Quartile
A quartile is a type of quantile. The first quartile (Q_{1}) is defined as the middle number between the smallest number and the median of the data set. The second quartile (Q_{2}) is the median of the data. The third quartile (Q_{3}) is the middle value between the median and the highest value of the data set.
DefinitionsEdit
Symbol  Names  Definition 

Q_{1} 

splits off the lowest 25% of data from the highest 75% 
Q_{2} 

cuts data set in half 
Q_{3} 

splits off the highest 25% of data from the lowest 75% 
Computing methodsEdit
For discrete distributions, there is no universal agreement on selecting the quartile values.^{[1]}
Method 1Edit
 Use the median to divide the ordered data set into two halves.
 If there is an odd number of data points in the original ordered data set, do not include the median (the central value in the ordered list) in either half.
 If there is an even number of data points in the original ordered data set, split this data set exactly in half.
 The lower quartile value is the median of the lower half of the data. The upper quartile value is the median of the upper half of the data.
This rule is employed by the TI83 calculator boxplot and "1Var Stats" functions.
Method 2Edit
 Use the median to divide the ordered data set into two halves.
 If there are an odd number of data points in the original ordered data set, include the median (the central value in the ordered list) in both halves.
 If there are an even number of data points in the original ordered data set, split this data set exactly in half.
 The lower quartile value is the median of the lower half of the data. The upper quartile value is the median of the upper half of the data.
The values found by this method are also known as "Tukey's hinges";^{[2]} see also midhinge.
Method 3Edit
 If there are even numbers of data points, then Method 3 is the same as either method above
 If there are (4n+1) data points, then the lower quartile is 25% of the nth data value plus 75% of the (n+1)th data value; the upper quartile is 75% of the (3n+1)th data point plus 25% of the (3n+2)th data point.
 If there are (4n+3) data points, then the lower quartile is 75% of the (n+1)th data value plus 25% of the (n+2)th data value; the upper quartile is 25% of the (3n+2)th data point plus 75% of the (3n+3)th data point.
Example 1Edit
Ordered Data Set: 6, 7, 15, 36, 39, 40, 41, 42, 43, 47, 49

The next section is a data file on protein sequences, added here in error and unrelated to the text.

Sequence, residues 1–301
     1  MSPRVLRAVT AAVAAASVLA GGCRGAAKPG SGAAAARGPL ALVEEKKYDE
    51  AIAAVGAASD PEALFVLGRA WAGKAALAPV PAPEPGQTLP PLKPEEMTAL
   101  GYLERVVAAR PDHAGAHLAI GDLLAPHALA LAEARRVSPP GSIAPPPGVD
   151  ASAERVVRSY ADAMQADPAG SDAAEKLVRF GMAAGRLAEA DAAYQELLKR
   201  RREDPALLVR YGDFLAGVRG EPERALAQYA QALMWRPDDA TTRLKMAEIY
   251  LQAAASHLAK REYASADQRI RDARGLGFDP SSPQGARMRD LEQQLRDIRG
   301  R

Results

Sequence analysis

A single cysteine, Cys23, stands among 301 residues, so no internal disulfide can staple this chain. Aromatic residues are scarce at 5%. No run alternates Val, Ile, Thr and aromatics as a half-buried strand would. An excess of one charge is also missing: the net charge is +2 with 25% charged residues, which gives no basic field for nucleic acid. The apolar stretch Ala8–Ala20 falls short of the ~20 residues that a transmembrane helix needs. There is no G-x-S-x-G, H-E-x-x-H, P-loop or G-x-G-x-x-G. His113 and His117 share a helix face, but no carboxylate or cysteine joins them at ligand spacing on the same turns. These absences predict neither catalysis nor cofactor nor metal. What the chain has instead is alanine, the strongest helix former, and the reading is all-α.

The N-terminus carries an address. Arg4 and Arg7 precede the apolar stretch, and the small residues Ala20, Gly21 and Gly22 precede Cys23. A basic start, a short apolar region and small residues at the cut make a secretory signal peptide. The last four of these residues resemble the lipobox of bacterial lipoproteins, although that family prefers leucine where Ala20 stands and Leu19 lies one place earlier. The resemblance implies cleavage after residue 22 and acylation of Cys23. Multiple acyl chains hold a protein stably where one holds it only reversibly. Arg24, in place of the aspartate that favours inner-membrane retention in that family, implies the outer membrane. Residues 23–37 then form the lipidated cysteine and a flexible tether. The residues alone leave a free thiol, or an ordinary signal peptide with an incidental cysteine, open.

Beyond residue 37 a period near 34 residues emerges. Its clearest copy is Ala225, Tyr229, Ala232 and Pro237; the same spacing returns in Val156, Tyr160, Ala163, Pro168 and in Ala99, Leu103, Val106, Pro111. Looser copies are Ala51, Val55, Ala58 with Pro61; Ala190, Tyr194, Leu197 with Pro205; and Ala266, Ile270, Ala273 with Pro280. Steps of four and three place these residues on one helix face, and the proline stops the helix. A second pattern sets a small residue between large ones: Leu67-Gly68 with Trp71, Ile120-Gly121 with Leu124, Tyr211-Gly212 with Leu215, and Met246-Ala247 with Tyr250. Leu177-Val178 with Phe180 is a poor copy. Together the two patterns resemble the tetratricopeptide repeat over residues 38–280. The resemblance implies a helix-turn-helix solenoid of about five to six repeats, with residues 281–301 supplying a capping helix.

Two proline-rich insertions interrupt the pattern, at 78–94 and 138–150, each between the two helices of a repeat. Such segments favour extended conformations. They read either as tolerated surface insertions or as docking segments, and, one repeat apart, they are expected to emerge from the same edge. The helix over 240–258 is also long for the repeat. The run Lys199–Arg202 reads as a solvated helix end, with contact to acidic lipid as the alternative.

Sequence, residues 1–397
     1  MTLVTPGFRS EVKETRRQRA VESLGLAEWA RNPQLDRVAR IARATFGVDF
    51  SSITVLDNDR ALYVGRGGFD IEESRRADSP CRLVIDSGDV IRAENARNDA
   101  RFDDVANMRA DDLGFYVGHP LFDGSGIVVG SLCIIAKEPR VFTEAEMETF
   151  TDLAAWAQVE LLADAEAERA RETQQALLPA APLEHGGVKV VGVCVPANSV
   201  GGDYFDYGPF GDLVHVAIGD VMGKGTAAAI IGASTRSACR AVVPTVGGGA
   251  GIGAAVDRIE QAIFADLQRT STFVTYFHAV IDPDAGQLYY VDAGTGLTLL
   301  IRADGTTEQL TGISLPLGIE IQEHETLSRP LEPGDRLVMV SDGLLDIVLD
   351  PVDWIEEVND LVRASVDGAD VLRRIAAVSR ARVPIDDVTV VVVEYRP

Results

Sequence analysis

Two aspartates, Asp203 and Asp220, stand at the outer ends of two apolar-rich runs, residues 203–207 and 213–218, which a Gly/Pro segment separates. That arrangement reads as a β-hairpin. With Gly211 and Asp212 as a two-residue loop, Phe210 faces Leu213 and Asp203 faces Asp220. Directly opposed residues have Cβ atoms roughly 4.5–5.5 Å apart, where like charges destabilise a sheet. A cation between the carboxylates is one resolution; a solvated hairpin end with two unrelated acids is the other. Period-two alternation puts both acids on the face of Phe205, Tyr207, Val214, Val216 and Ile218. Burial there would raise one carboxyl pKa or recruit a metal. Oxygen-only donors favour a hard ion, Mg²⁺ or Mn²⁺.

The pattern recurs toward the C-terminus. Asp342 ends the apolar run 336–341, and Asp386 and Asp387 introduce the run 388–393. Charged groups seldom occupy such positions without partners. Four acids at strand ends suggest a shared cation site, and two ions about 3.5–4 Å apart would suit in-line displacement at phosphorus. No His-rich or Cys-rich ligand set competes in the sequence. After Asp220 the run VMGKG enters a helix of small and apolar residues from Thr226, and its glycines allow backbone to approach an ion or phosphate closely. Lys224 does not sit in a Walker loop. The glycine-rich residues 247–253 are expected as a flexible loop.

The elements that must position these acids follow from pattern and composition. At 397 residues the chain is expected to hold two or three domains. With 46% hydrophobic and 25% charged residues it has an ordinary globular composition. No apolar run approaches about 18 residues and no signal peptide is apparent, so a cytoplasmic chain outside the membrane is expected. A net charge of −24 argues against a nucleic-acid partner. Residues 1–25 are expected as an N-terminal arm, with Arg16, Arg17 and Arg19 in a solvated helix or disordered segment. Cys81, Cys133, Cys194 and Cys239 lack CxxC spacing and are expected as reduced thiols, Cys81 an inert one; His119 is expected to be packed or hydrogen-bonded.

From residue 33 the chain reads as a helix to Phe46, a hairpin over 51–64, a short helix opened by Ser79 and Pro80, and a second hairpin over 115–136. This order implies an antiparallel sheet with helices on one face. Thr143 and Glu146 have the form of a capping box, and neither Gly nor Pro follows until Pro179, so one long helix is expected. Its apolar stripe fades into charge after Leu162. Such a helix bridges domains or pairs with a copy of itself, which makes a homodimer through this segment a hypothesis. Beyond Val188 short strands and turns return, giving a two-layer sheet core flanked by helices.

Method 1  Method 2  Method 3  

Q_{1}  15  25.5  20.25 
Q_{2}  40  40  40 
Q_{3}  43  42.5  42.75 
Example 2Edit
Ordered Data Set: 7, 15, 36, 39, 40, 41
As there are an even number of data points, all three methods give the same results.
Method 1  Method 2  Method 3  

Q_{1}  15  15  15 
Q_{2}  37.5  37.5  37.5 
Q_{3}  40  40  40 
OutliersEdit
There are methods by which to check for outliers in the discipline of statistics and statistical analysis. As is the basic idea of descriptive statistics, when encountering an outlier, we have to explain this value by further analysis of the cause or origin of the outlier. In cases of extreme observations, which are not an infrequent occurrence, the typical values must be analyzed. In the case of quartiles, the Interquartile Range (IQR) may be used to characterize the data when there may be extremities that skew the data; the interquartile range is a relatively robust statistic (also sometimes called "resistance") compared to the range and standard deviation. There is also a mathematical method to check for outliers and determining "fences", upper and lower limits from which to check for outliers.
After determining the first and third quartiles and the interquartile range as outlined above, then fences are calculated using the following formula:
where Q_{1} and Q_{3} are the first and third quartiles, respectively. The Lower fence is the "lower limit" and the Upper fence is the "upper limit" of data, and any data lying outside these defined bounds can be considered an outlier. Anything below the Lower fence or above the Upper fence can be considered such a case. The fences provide a guideline by which to define an outlier, which may be defined in other ways. The fences define a "range" outside of which an outlier exists; a way to picture this is a boundary of a fence, outside of which are "outsiders" as opposed to outliers.
See alsoEdit
ReferencesEdit
 ^ Hyndman, Rob J; Fan, Yanan (November 1996). "Sample quantiles in statistical packages". American Statistician. 50 (4): 361–365. doi:10.2307/2684934. JSTOR 2684934.
 ^ Tukey, John Wilder (1977). Exploratory Data Analysis. ISBN 9780201076165.
External linksEdit
 Quartile – from MathWorld Includes references and compares various methods to compute quartiles
 Quartiles – From MathForum.org
 Quartiles calculator – simple quartiles calculator
 Quartiles – An example how to calculate it